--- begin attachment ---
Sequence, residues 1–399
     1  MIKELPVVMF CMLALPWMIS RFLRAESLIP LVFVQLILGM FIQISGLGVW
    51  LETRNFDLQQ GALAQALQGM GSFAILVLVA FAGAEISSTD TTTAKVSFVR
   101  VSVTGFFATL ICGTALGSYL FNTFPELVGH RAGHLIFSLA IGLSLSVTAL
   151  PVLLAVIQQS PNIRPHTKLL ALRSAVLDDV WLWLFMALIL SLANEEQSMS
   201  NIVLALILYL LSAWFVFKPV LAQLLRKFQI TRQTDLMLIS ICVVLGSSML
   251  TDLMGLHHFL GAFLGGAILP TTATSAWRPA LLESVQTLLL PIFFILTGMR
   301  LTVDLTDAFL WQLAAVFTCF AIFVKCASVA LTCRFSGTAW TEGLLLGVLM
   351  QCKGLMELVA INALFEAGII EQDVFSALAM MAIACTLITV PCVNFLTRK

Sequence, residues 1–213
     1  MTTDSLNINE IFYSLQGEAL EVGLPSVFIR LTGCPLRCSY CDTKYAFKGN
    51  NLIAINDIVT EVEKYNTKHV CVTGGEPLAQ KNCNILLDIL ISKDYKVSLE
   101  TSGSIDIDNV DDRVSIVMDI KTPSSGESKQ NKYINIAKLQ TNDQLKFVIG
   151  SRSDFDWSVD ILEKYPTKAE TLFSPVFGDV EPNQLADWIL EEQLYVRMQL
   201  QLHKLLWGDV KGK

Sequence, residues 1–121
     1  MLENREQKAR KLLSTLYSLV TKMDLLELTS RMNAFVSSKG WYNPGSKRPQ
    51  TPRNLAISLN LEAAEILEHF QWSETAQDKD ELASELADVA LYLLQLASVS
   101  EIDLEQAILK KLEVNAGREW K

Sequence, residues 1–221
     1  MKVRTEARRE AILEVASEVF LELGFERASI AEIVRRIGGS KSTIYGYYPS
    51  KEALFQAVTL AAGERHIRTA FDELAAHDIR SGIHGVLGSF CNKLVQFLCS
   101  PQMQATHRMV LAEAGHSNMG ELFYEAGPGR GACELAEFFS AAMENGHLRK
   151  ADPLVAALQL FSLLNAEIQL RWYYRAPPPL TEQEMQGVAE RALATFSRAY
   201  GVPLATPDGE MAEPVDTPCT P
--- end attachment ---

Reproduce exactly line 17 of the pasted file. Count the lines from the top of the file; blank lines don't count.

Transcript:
     1  MLENREQKAR KLLSTLYSLV TKMDLLELTS RMNAFVSSKG WYNPGSKRPQ